Leonard Becker, age 78 of Nashua, IA, died Monday, February 3, 2020, surrounded by his family at his home.
Funeral services will be held 10:30 a.m. Thursday, February 6, 2020, at the United Methodist Church in Nashua with Rev. John Tunnicliff officiating.
Interment will be held at Greenwood Cemetery, Nashua with Lance Becker, Nick Becker, Ryan Helmers, Arial Vandeventer, Jason Friedrich and Mason Sobolik serving as pallbearers.
Friends may greet the family from 4:00 – 7:00 p.m. Wednesday, February 5, 2020, at Hugeback Johnson Funeral Home & Crematory – Olson Chapel in Nashua. Visitation continues an hour prior to the service at the church on Thursday. Online condolences for the Becker family may be left at hugebackfuneralhome.com
Leonard Becker was born on Feb. 18, 1941, at the Charles City Hospital and was the oldest of Carl and Margaret (Eckhoff) Becker’s two children.
He grew up on the family farm five miles west of Nashua, and at an early age, he learned the value of a great work ethic as he and his younger sister helped their parents with various chores on the farm.
Somewhere along the line, he picked up the nickname “Spike” and trust us, it stuck. There were plenty of people who had no idea whom Leonard Becker was until they were told he was Spike.
He attended the one-room Goodner and Butler schoolhouses through the eighth grade before he arrived at Nashua High School in the fall of 1955. He was an outstanding fullback on several standout Bulldog football teams, a good student and a member of the Class of 1959.
Spike enlisted in the U.S. Navy and proudly served his country for four years. He was assigned to the boiler room of the USS Yorktown, and he liked to joke that the heat in that room was the reason he “lost his hair.”
After his service, Spike returned to Iowa and farmed for a couple of years and worked at Carnation for a couple more, but the real highlight of the 1960s was when he met Jane Betsinger. The two hit it off and were married on Jan. 7, 1967, at the United Methodist Church in Nashua. It was the start of a 50-year love affair.
The couple welcomed five children – Lonnie, LuAnn, Linell and twins Karla and LeEllen — and they remember their dad as a hard worker who was also a fun guy to be around. Years later, they still talk about how Dad came into their rooms and sang to them before bedtime. And Spike wasn’t a lullaby kind of guy; instead, he loved the music by Elvis Presley and other “Golden Oldies” so that’s what he sang and danced to for his kids.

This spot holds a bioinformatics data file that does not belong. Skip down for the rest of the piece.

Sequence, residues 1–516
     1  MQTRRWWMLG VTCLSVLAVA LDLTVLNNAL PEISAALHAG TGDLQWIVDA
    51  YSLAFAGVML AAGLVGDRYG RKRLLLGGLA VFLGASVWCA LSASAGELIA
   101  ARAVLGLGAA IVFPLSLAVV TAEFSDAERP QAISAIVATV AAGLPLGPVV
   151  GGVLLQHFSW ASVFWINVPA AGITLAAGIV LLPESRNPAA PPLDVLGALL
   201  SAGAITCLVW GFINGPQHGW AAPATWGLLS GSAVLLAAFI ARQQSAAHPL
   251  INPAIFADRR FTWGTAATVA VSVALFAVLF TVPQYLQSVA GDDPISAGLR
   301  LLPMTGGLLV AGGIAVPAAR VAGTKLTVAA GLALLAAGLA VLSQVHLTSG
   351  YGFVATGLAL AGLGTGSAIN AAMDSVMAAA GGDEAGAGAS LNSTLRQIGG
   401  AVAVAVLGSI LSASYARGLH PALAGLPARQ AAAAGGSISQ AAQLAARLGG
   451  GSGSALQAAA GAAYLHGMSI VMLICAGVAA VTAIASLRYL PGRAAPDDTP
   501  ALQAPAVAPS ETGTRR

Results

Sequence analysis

In 1969, Spike took a job at Skyline Harvester and worked there for 16 years before accepting a position at Haase Sales and Service in Nashua, where he remained until his retirement in 2006.
Spike knew when to work hard and when to have some fun, and he liked his Schmidt beer and peppermint schnapps, and in later life, he’d have a glass of wine or a rum and coke.
But what he loved the most — besides his wife — were his 14 grandchildren and eight great-grandchildren, and they, in turn, loved him. Every single one of those grandchildren will always remember grandpa’s love of card games — be it Crazy 8s, 31, Euchre, Oh Hell or any other card game. The laughs grandpa and his grandchildren had around those card tables are priceless memories that will be forever cherished.
When Jane began to fail in the mid-2010s, it was Spike who was her best caregiver, and his wife’s death in 2017, just a short time after they celebrated their 50th wedding anniversary, was a devastating blow.
He was a member of the Nashua VFW and the area’s Dartball Board League, but Spike will always be remembered as a guy who didn’t have the word “stranger” in his dictionary. If he sat next to you in a doctor’s office waiting room, it didn’t matter if you had never met him, he was going to strike up a conversation with you. He was, as one of his children put it, impossible not to like.
And as much as they will miss their father, their grandpa and their great-grandpa, Spike’s family is grateful to know he’s reunited with Jane and in all likelihood treating the folks in heaven to a little show in which he’s singing and dancing “Jailhouse Rock” or some other “Goldie Oldie.”
Leonard is survived by his son, Lonnie (Maryann) Becker of Woodbine, GA; four daughters, LuAnn (Rob) Helmers of Rockwell, IA, Linell Hesse of Charles City, IA, Karla (Andrew) Friedrich of Charles City, IA, and LeEllen (Bob) Sobolik of New Hampton, IA; 14 grandchildren and 8 great-grandchildren.
He was preceded in death by his parents; wife, Jane Becker in 2017; sister, Janice Schmall.